# What is the correct intuition for time dilation?

I'm a high school student and I recently thought of an intuitive, but incorrect way of thinking about time dilation. My trouble lies in understanding why this intuition does not work. It should be noted that I have not yet been formally taught special relativity. Here is my thought process:

Suppose we have two hypothetical observers, one on a spacecraft moving at 0.5c and another that is stationary outside of the vehicle. Now suppose the spacecraft turns on its headlights. Since the speed of light is measured to be the same for all reference frames, both observers measure one second to have passed when the light beam has moved about 300,000km relative to themselves. For the one outside, that occurs after one second in their frame of reference. However, the outside observer also sees the light beam to be only 150,000km ahead of the spacecraft after one second, which is still moving at 0.5c relative to them. Therefore, it takes two seconds for the light beam to 'pull ahead' of the vehicle by 300,000km. For the observer inside, this is when they measure one second to have passed, and therefore, they must measure time to be ticking half as fast as the observer outside does.

However, when I plug 0.5c into the time dilation formula, I find that the observer in the spacecraft does not measure one second to pass for every two seconds that pass for the observer outside. Instead, the one inside measures $$\sqrt{3}$$ seconds to pass for every two seconds the observer outside measures. Where did I go wrong with this intuition? Why does thinking about time dilation this way not work? What is the correct intuition I should use to better understand time dilation? I appreciate any help.

• Any observer measures their own proper time in their reference frame as they have equal claim to being at rest relative to other objects. Nov 3, 2022 at 2:33

Your attempt to work out time dilation on an intuitive basis is very laudable, but incorrect. I suggest that what you try next is to consider that the spacecraft turns on its headlights and its rear lights at the same moment. If you then try to re-apply your original reasoning to the new version of the experiment, you will find that it cannot possibly explain why the light from the front of the ship travels only 150,000 km in a second in the stationary frame, while also explaining how the light from the rear travels 450,000 km in the other direction in a second. If you ponder that for long enough, you should reach an understanding that time dilation is actually an effect caused by something we call the relativity of simultaneity. Best of luck with it!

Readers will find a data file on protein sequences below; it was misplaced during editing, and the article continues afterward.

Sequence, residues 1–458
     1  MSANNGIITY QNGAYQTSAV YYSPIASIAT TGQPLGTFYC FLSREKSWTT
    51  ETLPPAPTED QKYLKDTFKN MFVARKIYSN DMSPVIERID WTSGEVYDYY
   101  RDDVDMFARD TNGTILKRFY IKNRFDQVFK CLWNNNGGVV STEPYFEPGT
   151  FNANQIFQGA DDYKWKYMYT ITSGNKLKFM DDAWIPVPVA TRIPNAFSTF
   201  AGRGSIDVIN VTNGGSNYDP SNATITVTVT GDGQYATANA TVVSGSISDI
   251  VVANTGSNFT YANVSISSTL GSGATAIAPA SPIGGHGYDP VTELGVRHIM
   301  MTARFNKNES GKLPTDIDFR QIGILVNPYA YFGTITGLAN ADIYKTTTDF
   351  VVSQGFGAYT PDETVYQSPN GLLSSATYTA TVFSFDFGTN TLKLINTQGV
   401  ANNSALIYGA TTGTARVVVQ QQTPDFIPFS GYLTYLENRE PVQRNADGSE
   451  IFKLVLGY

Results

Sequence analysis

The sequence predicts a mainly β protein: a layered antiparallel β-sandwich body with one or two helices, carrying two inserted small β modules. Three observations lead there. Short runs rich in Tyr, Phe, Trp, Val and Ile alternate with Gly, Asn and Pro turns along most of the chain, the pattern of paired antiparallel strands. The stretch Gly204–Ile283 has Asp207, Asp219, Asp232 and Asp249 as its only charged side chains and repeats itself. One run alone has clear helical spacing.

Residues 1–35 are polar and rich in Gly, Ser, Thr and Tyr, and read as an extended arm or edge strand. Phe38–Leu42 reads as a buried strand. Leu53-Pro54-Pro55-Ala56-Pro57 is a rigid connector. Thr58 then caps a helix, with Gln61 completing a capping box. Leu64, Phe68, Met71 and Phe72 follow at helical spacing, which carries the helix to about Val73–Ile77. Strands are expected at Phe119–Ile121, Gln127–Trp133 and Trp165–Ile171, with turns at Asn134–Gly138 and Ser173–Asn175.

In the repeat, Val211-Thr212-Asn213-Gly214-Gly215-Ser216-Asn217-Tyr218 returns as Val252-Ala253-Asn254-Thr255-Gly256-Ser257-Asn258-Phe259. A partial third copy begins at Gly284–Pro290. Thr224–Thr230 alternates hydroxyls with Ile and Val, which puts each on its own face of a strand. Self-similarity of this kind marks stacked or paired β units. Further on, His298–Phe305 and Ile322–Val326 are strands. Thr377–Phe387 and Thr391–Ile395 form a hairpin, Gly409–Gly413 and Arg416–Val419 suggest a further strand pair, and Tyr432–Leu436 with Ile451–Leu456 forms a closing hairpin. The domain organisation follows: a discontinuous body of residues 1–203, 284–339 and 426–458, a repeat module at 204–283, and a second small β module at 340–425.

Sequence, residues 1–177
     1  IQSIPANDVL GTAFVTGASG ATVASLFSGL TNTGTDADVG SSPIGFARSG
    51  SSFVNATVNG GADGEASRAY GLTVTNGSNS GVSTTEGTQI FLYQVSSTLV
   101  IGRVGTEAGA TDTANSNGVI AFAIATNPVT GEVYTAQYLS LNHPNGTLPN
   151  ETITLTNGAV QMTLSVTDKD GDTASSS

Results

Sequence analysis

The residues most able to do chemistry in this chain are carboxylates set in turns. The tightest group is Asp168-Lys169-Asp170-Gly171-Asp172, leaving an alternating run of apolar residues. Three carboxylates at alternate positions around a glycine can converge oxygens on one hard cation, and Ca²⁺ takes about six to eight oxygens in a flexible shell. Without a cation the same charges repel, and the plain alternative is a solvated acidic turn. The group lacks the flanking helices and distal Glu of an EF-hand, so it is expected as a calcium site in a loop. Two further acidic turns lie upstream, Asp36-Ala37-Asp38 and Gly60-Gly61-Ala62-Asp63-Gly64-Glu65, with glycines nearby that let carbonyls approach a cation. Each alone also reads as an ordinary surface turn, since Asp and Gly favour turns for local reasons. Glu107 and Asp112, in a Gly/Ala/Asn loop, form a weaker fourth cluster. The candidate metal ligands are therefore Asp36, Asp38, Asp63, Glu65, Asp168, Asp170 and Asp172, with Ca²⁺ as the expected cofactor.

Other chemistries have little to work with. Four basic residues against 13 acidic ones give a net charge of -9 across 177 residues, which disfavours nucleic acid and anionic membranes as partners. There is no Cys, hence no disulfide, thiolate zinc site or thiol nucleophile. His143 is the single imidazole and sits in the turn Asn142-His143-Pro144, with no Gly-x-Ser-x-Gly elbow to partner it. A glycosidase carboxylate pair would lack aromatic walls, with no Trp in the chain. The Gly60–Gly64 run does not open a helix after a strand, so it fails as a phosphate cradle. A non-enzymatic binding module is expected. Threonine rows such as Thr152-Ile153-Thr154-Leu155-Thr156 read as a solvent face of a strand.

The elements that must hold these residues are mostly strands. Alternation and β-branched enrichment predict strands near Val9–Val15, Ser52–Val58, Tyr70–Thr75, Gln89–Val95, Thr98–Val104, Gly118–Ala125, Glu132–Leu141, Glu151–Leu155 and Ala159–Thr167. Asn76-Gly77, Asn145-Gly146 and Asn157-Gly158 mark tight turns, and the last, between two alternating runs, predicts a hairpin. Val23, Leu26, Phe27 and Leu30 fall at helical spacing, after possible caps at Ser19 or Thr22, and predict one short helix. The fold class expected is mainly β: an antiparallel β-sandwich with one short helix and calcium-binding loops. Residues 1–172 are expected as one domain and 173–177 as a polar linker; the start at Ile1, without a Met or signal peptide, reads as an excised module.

In my opinion, it's better to reason with a position-vs-time graph (a spacetime diagram).

To start you off, below is one using the usual convention where t runs along the horizontal axis
(although many relativity discussions use time t along the vertical axis).

I was following you until...

Therefore, it takes two seconds for the light beam to 'pull ahead' of the vehicle by 300,000km.

In addition, it's not clear to me why you say

However, when I plug 0.5c into the time dilation formula, I find that the observer in the spacecraft does not measure one second to pass for every two seconds that pass for the observer outside.

In any case, I think it is best to draw a diagram to describe your scenario.

By the way, the arithmetic for calculations in relativity is easier if one chooses a relative velocities of $$\frac{3}{5}c$$ or $$\frac{4}{5}c$$, which lead to right triangles with pythagorean triples. (This does not happen for $$\frac{1}{2}c$$ or $$0.99c$$.)

The mathematics of time-dilation is related to trigonometry with adjacent side of a right-triangle. This fact and a diagram often help guide my physical intuition.

By the way, one way to get the 8.660254 as the elapsed time along the spaceship worldline is by $$\sqrt{(15)(5)}=10\left(\frac{\sqrt{3}}{2}\right)=8.660254...,$$ where $$5$$ and $$15$$ are "radar-times" from a radar measurement made by the lab.
Note: $$\Delta t=(15+5)/2=10$$ and $$\Delta x/c=(15-5)/2=5$$
and thus $$(\Delta t+\Delta x/c)=15$$ and $$(\Delta t-\Delta x/c)=5$$
so that $$(15)(5)=(\Delta t+\Delta x/c)(\Delta t-\Delta x/c)= (\Delta t^2-(\Delta x/c)^2)=(10)^2-(5)^2$$.